HomeNewsBriefAmericas Replaces Africa as World's Most Violent Region: UN
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Americas Replaces Africa as World's Most Violent Region: UN

HOMICIDES / 10 APR 2014 BY SETH ROBBINS EN

The latest UN homicide report shows that the Americas as a region now has the highest homicide rate in the world, with five Latin American countries topping the charts, and Central America one of the globe's most troubled sub-regions.

The United Nations Office on Drugs and Crime's (UNODC) newly released 2013 Global Study on Homicides (pdf) found that the Americas -- north, central and south -- was the most violent region in the world in 2012, with 16.3 killings per 100,000 people, followed by Africa with 12.5 (see UNODC graph). When the UNODC published its last global homicide study in 2011, the Americas had a homicide rate of 15.5 per 100,000, while the rate in Africa was 17.4 homicides per 100,000 (pdf).

UNhomicides

The sub-region of Central America had the highest homicide rate in the Americas, at over 25 per 100,000; a rate more than four times the global average of 6.2, and only exceeded by Southern Africa.

Honduras maintained its status as the world's most dangerous country outside a war zone, with 90.4 homicides per 100,000. It was followed by Venezuela, with 53.7 murders per 100,000 people, up from 47.8 in 2011. The murder rate in Belize also rose, from 39.2 to 44.7.

El Salvador saw a significant drop in murders, from 69.9 per 100,000 in 2011 to 41.2 in 2012, but its homicide rate remained among the highest in the world. Guatemala had the world's fifth highest homicide rate, with 39.9 per 100,000.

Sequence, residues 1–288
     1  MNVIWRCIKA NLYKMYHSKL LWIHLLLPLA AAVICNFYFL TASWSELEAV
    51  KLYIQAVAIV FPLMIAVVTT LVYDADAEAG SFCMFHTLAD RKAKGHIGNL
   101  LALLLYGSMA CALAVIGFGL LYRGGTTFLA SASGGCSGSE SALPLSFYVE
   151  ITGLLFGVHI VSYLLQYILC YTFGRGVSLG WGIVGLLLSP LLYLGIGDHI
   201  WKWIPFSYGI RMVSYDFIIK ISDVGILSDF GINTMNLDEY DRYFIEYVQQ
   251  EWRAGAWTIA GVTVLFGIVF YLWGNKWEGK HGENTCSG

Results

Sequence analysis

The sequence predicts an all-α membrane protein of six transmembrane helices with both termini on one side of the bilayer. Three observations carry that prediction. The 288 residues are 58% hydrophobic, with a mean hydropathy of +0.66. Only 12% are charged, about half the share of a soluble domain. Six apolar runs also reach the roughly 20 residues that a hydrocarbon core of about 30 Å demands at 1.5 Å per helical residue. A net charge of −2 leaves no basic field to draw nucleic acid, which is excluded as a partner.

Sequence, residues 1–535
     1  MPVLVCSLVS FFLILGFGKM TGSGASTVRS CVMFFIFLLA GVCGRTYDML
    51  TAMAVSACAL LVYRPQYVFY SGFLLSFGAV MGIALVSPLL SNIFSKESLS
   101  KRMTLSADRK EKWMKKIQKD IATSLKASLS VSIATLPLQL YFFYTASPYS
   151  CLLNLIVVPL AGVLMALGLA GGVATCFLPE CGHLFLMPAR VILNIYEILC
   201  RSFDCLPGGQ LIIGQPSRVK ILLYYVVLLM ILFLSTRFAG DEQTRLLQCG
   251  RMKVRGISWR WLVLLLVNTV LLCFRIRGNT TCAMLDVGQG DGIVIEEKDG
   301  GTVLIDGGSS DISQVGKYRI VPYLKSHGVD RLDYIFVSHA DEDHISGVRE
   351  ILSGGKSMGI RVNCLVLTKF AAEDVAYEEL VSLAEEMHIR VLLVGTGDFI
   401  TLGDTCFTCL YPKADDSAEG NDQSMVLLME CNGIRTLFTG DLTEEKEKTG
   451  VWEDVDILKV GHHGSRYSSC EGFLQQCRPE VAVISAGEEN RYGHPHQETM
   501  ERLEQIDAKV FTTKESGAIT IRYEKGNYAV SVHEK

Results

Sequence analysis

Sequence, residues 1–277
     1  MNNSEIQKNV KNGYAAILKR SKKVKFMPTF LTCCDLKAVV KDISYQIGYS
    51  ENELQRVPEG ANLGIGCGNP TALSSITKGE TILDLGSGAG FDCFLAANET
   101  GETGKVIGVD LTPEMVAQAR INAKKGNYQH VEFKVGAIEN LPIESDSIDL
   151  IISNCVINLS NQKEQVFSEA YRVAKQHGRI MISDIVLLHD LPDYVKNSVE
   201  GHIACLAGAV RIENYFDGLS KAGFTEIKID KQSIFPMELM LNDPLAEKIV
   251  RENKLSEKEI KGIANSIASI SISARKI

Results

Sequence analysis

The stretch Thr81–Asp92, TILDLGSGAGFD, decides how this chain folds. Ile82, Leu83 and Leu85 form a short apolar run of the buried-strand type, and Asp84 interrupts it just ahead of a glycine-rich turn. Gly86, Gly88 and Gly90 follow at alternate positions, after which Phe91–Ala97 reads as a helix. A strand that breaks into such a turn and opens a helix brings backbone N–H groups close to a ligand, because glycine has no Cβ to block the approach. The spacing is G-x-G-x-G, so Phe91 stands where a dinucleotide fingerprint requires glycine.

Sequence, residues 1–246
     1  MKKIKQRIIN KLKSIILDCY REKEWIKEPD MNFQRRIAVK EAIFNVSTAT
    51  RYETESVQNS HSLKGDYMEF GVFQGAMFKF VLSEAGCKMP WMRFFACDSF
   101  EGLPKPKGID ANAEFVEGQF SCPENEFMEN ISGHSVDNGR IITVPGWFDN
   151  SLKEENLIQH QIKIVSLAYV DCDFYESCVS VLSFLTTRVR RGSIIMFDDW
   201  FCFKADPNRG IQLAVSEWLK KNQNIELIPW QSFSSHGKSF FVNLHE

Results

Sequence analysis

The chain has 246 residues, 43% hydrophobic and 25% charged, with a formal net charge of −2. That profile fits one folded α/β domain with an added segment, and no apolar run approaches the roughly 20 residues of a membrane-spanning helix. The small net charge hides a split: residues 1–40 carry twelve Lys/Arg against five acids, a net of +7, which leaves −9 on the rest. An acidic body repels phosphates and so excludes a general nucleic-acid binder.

Meanwhile, Colombia and Mexico, often thought of as two of Latin America's most troubled countries, had relatively low national homicide rates compared to the rest of the region. Colombia saw 30.8 murders per 100,000, and Mexico had 21.5.

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Latin America's struggle with violence can also be seen in a separate UN report published in 2013, that found it was the only region in the world where overall homicide rates increased between 2000 and 2010.

Central America's soaring murder rate can be attributed to gang activity and violence for control of drug trafficking routes, according to the new report. After the 2009 coup that toppled the government of President Manuel Zelaya, Honduras experienced a sharp rise in drug trafficking activity through the country, accompanied by a spike in homicides. Guatemala has been affected by fractures in its underworld and the encroachment of the Zetas. Tiny Belize has also been hit by gang warfare, with 13 street gangs vying for turf in the aftermath of a failed truce there.

SEE ALSOCoverage of Homicides

The drop in El Salvador's murder rate, meanwhile, can be explained by the truce established in 2012 between the Mara Salvatrucha (MS13) and Barrio 18 gangs. However, with the truce faltering and unravelling since the study was compiled, it is likely that rate is already higher.

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